I finally found them.
Some of the last known remaining artifacts of my aging (that’s surely an understatement -ed) thirty-four year old 8-track tape collection. My-o-my, how I loved them so. It’s been a great few weeks over at the Demolish HQ. First the mighty “Vault-Diggers” unearthed those super-rare Metal Chu-Bops and now five working KISS 8-tracks!
I still remember it like it was yesterday!
Enter 1976…I was such an [innocent] wee lad. I think that would make me right around nine years old and still in elementary school—fourth grade to be exact. I am not sure what you were listening to in elementary school but I don’t remember seeing any KISS t-shirts or other hard rock bands around my school in the fourth grade. Perhaps most were still learning their nursery rhymes and or reading their Dr. Seuss books!
I didn’t know it at the time, but looking back, man, was Gene Simmons a marketing genius or what! To be able to reach out to grade school kids and turn them onto Hard Rock and perhaps a dose of early Heavy Metal even! Whether we take our hats off or raise the [Metal] horns up—that was no small feat for the time. But then again, I guess that is in fact exactly how and why this was able to happen as the times were a lot different back in the 70′s now weren’t they?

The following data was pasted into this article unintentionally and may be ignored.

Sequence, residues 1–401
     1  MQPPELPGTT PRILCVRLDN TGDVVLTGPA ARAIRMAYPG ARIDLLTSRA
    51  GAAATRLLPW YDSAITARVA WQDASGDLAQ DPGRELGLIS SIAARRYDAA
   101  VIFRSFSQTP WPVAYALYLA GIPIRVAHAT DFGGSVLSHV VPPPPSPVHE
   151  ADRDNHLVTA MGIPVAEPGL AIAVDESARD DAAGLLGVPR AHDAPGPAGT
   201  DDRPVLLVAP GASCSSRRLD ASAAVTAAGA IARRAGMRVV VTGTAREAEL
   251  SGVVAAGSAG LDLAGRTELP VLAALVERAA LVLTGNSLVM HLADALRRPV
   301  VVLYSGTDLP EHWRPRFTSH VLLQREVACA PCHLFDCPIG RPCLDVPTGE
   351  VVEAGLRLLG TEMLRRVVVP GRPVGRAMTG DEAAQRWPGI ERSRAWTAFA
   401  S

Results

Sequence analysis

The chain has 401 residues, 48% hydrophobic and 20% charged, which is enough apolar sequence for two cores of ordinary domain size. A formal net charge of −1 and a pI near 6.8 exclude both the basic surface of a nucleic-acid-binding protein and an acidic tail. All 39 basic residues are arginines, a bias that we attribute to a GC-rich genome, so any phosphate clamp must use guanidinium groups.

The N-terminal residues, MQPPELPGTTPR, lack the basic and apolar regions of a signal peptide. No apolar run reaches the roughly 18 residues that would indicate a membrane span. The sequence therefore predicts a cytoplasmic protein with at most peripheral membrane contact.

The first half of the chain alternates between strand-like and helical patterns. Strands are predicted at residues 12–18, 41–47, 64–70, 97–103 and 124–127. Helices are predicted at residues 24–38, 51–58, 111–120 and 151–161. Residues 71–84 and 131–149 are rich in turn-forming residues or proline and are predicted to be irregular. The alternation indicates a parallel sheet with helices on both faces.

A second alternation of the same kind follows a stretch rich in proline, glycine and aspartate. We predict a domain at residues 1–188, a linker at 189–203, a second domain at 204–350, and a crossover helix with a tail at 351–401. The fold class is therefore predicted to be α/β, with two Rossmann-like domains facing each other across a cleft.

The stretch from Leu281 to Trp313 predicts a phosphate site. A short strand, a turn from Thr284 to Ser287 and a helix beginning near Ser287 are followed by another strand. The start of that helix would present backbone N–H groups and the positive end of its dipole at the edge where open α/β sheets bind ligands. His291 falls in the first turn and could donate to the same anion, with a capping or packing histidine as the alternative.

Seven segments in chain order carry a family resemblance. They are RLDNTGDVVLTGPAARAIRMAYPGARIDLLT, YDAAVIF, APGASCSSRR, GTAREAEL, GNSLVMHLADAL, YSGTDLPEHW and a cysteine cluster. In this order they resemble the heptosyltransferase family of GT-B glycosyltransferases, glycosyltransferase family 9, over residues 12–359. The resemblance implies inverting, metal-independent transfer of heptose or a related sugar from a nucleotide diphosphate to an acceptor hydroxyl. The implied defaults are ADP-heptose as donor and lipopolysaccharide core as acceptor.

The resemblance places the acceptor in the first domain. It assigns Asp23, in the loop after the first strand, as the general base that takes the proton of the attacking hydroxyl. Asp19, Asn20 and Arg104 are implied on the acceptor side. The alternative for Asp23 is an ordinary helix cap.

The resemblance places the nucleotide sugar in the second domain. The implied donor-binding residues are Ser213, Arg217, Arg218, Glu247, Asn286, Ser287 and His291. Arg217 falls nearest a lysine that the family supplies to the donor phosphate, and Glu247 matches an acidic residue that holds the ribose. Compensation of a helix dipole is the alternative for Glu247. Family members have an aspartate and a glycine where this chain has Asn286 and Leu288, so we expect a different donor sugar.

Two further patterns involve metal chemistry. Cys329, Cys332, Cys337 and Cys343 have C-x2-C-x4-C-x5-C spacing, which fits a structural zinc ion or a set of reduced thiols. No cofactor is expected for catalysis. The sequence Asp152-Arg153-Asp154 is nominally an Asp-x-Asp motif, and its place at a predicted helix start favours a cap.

*click any 8-track pic’s to enlarge
Enter specimen number one: KISS – Rock And Roll Over (CAF 87037) released Nov. 11th, 1976. Naturally most fans—myself included, will recall falling in love with “Calling Dr. Love” first. But “Makin’ Love” and “I Want You” had some decent riffage as well. I thought the cover art was pretty cool too. Check out where I marked out the previous owners name at the top and then added mine at the bottom left.
Enter specimen number two: KISS – Dressed to Kill (CAF 87016) released March 19th, 1975. I still love this KISS cover photo. As a matter of fact, I loved these 8-tracks so much that you will notice that I “autographed” every one of them. Ha ha, I guess I was trying to mark my territory. Either way, you gotta’ dig that funny looking signature. It was also in cursive and not printed, which I think was the standard up to that point in grade school? Maybe not…there are lots of cob-webs up there blocking out that content in my life.